Boston and Mingus kept a bunch of the attackers back with her bullets and his fireballs, but some got up on the rocks and caused havoc. Boston spied a man in black leather chain mail, holding a sword no local smithy made. He had two men in his face, trying to gat at him with their spears. Boston screamed.
“No!” and her Beretta got replaced by her wand. The attackers got fire in their faces, and when those two went down, she turned on the crowd, using her wand like a flame thrower. That was too much. The men ran from the rocks and from the trees at about the same time. They ran from Decker, and had dwarves to make sure they kept running.
Boston turned to the man in the fancy armor and sword. “Ulrik,” she cried and leapt into his arms for a hug. “I was so scared for you.”
“What makes you think I’m Ulrik?” he asked. Her eyes got big, but he smiled. “I am, but you didn’t give me a chance to say, “Boston!”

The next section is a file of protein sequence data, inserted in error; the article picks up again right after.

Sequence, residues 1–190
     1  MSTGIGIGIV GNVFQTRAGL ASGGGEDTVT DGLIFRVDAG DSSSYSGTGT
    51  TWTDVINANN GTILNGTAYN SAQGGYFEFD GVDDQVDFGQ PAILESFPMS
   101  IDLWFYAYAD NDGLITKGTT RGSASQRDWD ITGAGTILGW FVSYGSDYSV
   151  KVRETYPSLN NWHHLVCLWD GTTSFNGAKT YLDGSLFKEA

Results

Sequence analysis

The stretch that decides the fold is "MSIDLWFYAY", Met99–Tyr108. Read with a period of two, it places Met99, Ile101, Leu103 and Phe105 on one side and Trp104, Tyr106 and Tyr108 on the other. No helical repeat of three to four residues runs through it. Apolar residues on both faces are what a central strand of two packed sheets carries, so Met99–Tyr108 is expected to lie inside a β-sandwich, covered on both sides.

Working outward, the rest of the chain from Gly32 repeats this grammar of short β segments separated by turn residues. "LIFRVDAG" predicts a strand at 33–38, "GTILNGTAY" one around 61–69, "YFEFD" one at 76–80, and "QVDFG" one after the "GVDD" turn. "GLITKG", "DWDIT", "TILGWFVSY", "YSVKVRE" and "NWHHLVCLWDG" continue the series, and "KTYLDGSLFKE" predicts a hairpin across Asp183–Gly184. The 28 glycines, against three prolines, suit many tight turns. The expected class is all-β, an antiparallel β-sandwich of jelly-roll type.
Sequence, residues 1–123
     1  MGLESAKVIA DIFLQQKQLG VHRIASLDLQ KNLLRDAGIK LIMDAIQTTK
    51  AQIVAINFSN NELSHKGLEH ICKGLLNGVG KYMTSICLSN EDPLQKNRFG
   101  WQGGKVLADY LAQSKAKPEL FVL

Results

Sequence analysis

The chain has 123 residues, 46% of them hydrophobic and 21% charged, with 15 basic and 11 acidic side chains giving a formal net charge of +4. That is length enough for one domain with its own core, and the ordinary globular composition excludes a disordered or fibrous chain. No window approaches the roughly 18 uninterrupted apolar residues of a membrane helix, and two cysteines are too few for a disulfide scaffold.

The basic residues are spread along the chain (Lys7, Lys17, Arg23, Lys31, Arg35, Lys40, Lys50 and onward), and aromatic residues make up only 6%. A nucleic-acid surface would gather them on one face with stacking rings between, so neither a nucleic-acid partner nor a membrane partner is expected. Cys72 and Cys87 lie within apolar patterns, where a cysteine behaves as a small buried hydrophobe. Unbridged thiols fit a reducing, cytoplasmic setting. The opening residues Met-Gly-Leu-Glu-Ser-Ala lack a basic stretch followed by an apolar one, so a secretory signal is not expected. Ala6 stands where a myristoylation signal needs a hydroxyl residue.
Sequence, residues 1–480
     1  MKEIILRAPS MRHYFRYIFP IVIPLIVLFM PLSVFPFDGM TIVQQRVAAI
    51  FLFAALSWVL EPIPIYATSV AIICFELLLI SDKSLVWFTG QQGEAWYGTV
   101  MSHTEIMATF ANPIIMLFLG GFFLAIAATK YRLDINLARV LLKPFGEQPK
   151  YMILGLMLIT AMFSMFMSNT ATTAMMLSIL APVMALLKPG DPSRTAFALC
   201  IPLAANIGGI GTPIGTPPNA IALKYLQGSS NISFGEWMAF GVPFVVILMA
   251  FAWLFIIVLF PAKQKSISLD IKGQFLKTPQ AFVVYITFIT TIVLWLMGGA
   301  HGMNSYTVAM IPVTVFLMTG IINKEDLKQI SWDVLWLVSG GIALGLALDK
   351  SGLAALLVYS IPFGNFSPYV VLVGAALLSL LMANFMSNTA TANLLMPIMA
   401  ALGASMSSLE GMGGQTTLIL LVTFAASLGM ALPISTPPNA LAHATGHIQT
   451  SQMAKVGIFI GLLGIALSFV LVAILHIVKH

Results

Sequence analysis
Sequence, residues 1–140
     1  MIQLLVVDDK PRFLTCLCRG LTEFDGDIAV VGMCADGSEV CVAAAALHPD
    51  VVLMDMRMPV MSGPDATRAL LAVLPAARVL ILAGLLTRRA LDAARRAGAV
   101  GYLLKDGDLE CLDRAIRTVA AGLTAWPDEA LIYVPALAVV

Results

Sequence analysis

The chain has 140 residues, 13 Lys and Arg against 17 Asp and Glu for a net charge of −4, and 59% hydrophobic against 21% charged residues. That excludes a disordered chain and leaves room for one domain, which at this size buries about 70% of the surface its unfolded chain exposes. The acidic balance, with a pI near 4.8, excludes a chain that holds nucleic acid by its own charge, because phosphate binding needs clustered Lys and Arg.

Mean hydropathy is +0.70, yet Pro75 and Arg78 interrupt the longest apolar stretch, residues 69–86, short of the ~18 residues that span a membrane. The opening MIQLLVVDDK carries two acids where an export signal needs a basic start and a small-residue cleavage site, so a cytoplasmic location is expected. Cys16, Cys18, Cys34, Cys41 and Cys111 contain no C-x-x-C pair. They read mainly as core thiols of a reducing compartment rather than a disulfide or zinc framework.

“I recognized the armor,” Boston said. “And the sword.”
“Is she behaving?” Ulrik asked Mingus.
“For the most part, yes.” Mingus said, but he looked toward Alexis and frowned.
Alexis had moved on to other injured men. Lincoln stayed right with her, and would not let her go down on the plain to see to the Gutians. Ulrik agreed.
“The Gutians need to tend their own. We need to get moving.”
“We do,” Lockhart said, as he backed away from kissing Katie. She was grinning, and so was he, but the others were polite enough not to say anything.
Ulrik nodded. “Elder Stow,” he called out. “We need to borrow your graviton device.”
“Why?” Elder Stow sounded surly.
Ulrik did not respond to the tone of voice. He said straight out, “We have a wounded man to move.” Elder Stow reluctantly got out his equipment.